New research has shown that subatomic particles called neutrinos have a previously unseen identity-shifting property.
The results confirm early indications that neutrinos change between different types, or oscillate, in three ways where they had previously only been seen oscillating in two ways.
Scientists from the T2K collaboration, which involves Dr Yoshi Uchida and Dr Morgan Wascko from Imperial’s Department of Physics, made the announcement at a meeting of the European Physical Society in Stockholm, today.
Following the new findings, the researchers are keen to explore whether neutrinos oscillate in a different way to their antimatter particles (called anti-neutrinos). Equal amounts of matter and antimatter were thought to have existed at the start of the universe but now everything that we know is made of ordinary matter.
If any such differences between neutrinos and anti-neutrinos can be found, this will help scientists explain how all the antimatter has disappeared from the universe, leaving only ordinary matter.
There are three types, or ‘flavours,’ of neutrinos – one paired with the electron (called the electron neutrino), and two more paired with the electron’s heavier cousins, the muon and tau leptons (called the muon and tao neutrinos).
The three different flavours of neutrinos can spontaneously change into each other, a phenomenon called neutrino oscillation. Interchanges between muon and tao neutrinos, and between tao and electron neutrinos have been confirmed by other experiments, but until now the third way had not been seen.
To explore the neutrinos’ oscillations, the T2K experiment fired a beam of neutrinos from the J-PARC laboratory at Tokai Village on the eastern coast of Japan, and detected them at the Super-Kamiokande neutrino detector, 295 km away in the mountains of the north-western part of the country. Here, the scientists looked to see if the neutrinos at the end of the beam matched those emitted at the start.
In the new data, they found 28 electron neutrinos appearing in the beam of muon neutrinos, where they only expected to see an average of between four and five, which indicated evidence for the third type of oscillation.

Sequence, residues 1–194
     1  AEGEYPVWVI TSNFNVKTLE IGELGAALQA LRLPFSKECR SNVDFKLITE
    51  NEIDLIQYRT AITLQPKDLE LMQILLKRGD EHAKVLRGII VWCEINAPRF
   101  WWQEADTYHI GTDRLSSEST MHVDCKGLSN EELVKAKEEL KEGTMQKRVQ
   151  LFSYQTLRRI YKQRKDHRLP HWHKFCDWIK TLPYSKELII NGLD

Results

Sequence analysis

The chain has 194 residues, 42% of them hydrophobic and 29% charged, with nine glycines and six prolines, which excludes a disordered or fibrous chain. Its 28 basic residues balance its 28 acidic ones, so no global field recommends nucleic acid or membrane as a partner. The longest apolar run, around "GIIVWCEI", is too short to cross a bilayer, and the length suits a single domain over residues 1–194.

In 2011 when early data was released, the scientists had only observed six instances of electron-muon oscillation. Now the team say they have enough evidence to confirm they have observed neutrinos oscillating in every way they expect to be possible.
Imperial physicist, Dr Yoshi Uchida, said: “Using huge volumes of data collected at the T2K experiment, we have been able to check and cross-check the results of our neutrino experiments, and are now ready to make a statement that stands up to scientific scrutiny. What was a strong indication in 2011 of a phenomenon that had never been seen before is now essentially irrefutable.”
T2K scientists have observed oscillations from muon neutrinos to electron neutrinos, which is one of the experiment’s main aims. These oscillations are called ‘electron neutrino appearance’ since the electron neutrinos appear in a beam of muon neutrinos. These findings will be compared to future data with anti-neutrinos to test whether muon and electron neutrinos oscillate in a different manner to their antimatter counterparts, an asymmetry that could help explain why antimatter is so comparatively rare.
“The exciting thing is that electron neutrino appearance, combined with other neutrino experiments, can help us understand whether there is a significant matter-antimatter asymmetry in neutrinos,” Dr Uchida continued.
“The question now is, do the observations from different experiments fit together in a way that seems consistent – and does it help us understand more about the universe.”